Physiotherapy or Physical Therapy, is a field which is very well known to many people, known to some and yet a mystery and unknown to most. As a physiotherapist myself, I come across several misconceptions that people have in their minds about physiotherapy and certain myths which are totally untrue.
In this post, I list some myths and misconceptions surrounding physiotherapy-
Myth 1- A person needs a referral to see a physiotherapist.
Yes, there are physicians and surgeons who refer a patient for physiotherapy, but that doesn’t not mean you always need their referral to get yourself checked by a physiotherapist. A person can visit a physiotherapist directly and get checked by him/her. In case the physiotherapist feels that the condition cannot be cured by physiotherapy, he will redirect the person to the appropriate specialist.
Myth 2- Physiotherapy is just applying electrical machines and modalities.
Physiotherapy is a rehabilitative science and branch of medicine which focuses primarily on exercise to help a patient get better. Electrical modalities or machines are add-ons which provide temporary relief from pain but to get long term results, proper rehabilitative program is essential. Unfortunately, there are many physiotherapists who just strap a patient to a machine and don’t provide any other input, hence, this misconception that physiotherapy means machine application has spread quite a bit.
Myth 3- Physiotherapists only treat muscle, ligament or tendon related problem or sports injuries.
Although a large portion of physiotherapy includes muscle, ligament and tendon related injury treatment and sports related injuries, a variety of other conditions is also treated by physiotherapy.
Not only are physiotherapists specialized in diagnosing and treating all musculoskeletal pathologies in any area of the body, some also follow advanced courses in vestibular rehabilitation, mental imagery for chronic pain, pelvic floor rehab for urinary incontinence, etc.
Even in cardiac conditions, neurological conditions, old age problems, child physiotherapy and pre and post pregnancy, physiotherapy plays a vital role.
Myth 4- Physiotherapy is a temporary fix and if you don’t see immediate results, physiotherapy does not work.
Physiotherapy is a lasting therapy and the aim is to not just cure a condition but also to prevent a patient from falling prone to an injury again.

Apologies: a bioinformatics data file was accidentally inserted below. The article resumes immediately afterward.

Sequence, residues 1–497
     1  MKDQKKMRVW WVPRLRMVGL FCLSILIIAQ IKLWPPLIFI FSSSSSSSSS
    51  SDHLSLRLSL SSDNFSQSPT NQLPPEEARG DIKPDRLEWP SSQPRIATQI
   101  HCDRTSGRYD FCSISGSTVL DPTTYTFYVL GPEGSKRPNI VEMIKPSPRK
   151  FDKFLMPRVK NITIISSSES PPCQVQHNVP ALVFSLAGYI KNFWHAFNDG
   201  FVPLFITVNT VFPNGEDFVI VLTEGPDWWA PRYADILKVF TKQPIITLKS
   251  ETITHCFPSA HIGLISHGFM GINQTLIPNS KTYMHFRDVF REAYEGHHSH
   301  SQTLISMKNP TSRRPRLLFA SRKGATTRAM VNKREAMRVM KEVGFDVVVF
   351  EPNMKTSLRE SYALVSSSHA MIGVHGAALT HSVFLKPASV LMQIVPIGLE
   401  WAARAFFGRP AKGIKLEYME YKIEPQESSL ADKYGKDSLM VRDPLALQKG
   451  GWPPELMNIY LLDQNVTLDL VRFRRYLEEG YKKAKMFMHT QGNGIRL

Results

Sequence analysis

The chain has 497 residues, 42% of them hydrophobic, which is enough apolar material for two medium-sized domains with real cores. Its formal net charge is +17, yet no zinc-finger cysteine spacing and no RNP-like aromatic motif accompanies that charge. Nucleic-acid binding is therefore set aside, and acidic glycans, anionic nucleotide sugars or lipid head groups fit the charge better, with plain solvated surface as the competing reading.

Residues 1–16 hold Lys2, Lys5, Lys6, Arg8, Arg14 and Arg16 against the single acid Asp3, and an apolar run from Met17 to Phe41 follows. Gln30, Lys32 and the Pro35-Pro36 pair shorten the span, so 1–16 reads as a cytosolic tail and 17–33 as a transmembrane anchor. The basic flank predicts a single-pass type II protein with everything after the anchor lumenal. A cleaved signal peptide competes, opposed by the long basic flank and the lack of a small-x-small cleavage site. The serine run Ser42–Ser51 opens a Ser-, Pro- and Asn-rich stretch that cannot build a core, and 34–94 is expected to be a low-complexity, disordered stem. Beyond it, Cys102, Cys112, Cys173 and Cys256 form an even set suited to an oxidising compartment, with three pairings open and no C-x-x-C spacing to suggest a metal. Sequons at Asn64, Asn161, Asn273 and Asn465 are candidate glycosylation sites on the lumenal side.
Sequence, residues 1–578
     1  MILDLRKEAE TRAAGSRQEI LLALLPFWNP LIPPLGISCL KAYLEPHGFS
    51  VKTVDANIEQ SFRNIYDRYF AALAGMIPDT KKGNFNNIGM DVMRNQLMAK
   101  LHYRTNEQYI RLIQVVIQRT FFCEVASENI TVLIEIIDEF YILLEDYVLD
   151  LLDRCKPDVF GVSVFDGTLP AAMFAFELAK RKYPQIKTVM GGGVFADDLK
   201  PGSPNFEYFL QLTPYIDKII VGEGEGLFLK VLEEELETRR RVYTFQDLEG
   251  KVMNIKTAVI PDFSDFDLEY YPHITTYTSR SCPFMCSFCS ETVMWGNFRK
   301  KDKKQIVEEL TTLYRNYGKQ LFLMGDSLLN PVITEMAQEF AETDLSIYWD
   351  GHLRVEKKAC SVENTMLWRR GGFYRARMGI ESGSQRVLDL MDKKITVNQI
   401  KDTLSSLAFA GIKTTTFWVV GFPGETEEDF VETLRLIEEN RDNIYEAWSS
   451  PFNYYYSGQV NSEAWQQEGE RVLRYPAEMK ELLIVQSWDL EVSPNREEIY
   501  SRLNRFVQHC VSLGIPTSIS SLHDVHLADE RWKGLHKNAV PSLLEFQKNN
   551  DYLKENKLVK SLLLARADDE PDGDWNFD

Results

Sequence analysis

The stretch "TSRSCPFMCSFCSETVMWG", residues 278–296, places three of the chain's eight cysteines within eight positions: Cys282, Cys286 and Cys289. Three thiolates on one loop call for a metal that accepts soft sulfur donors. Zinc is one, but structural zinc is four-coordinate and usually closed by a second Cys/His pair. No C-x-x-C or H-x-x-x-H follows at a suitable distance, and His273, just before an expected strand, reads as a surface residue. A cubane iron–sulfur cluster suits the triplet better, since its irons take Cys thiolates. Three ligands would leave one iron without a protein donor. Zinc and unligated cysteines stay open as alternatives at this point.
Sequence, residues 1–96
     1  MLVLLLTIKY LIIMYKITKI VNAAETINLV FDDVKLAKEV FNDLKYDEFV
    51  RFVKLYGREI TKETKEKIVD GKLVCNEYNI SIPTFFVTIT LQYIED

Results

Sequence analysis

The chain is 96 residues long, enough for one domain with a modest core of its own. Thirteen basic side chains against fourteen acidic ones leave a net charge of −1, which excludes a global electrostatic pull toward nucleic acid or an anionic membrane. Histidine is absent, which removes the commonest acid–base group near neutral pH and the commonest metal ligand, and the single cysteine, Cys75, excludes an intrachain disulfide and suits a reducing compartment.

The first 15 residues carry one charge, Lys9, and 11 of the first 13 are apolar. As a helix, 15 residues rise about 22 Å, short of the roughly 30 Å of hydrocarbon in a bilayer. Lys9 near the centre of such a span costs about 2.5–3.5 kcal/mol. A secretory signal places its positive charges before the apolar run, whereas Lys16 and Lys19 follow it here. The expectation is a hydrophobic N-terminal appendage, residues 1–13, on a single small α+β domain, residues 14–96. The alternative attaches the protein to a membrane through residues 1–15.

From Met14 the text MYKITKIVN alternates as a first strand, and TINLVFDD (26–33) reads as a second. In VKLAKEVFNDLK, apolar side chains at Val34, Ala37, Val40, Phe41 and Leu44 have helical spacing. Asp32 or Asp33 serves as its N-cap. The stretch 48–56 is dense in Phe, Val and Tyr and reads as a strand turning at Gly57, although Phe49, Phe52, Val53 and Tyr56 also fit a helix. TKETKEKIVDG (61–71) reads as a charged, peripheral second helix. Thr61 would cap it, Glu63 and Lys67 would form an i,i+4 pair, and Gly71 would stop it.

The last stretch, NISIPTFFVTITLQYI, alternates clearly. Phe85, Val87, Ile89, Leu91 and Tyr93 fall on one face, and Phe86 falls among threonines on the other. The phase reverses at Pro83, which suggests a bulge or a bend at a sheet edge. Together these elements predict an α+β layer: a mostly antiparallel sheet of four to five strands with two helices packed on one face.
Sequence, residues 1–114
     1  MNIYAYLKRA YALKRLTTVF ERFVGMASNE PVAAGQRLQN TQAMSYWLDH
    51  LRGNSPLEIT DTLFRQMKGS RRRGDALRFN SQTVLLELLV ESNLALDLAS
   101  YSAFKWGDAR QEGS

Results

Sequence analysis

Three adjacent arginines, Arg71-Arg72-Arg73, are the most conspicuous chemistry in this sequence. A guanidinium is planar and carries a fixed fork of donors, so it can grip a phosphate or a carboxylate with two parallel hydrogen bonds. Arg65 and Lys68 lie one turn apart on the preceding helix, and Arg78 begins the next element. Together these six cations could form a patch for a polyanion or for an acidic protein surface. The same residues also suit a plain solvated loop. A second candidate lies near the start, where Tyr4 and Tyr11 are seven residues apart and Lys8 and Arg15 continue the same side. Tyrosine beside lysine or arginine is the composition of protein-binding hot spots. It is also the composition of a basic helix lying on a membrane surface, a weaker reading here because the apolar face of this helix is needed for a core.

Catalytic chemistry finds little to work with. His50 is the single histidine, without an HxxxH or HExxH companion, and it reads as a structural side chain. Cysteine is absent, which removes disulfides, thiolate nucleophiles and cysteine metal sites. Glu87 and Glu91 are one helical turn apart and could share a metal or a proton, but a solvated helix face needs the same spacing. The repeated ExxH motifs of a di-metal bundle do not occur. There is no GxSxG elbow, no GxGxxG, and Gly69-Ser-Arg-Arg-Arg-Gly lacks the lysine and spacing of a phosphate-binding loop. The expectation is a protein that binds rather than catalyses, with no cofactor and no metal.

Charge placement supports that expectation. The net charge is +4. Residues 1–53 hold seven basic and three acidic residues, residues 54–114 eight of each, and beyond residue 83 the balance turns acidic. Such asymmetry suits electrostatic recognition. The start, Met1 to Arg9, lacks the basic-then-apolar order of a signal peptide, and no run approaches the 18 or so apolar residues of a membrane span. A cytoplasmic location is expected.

A good, authentic and well learned physiotherapist will always know that physiotherapy gives long term benefit and not just a temporary fix.
You do see immediate results in certain conditions, but in long standing cases like a stroke patient, physiotherapy may take time, but that does not mean it is not working. Just that the progression towards a result may take some time, patience and persistence and follow up from the patient’s side.
Myth 5- Surgery is the only option available.
In many cases, physiotherapy has been shown to be as effective as
surgery in treating a wide range of conditions—from rotator cuff tears
and degenerative disk disease, to meniscal tears and some forms of knee
In fact, physiotherapy is the best form of cure and in most cases is successful in preventing people from undergoing surgery, unless of course, the condition of the patient is beyond the scope of physiotherapy or cannot be cured by it.
Myth 6- Physiotherapy means massage.
This is the most hilarious and common one. Physiotherapists are NOT masseuses or spa people giving massage.
Techniques called as Mayofascial Release(MFR) or Deep Tissue Release (DTR) are done where in the physiotherapist will release an affected group of muscles or a particular muscle which can be at times really painful and not at all compared to a massage! The physiotherapist has studied and has the anatomical knowledge regarding the position and location of each muscle and treats it accordingly if and when required.
So there you are, here I have listed a few of the myths surrounding physiotherapy. Hope it helps in clearing the misconceptions regarding the profession.
Stay healthy, stay safe!
–Dr. Manasi Anand (PT)
Physiotherapist, Writer, Blogger.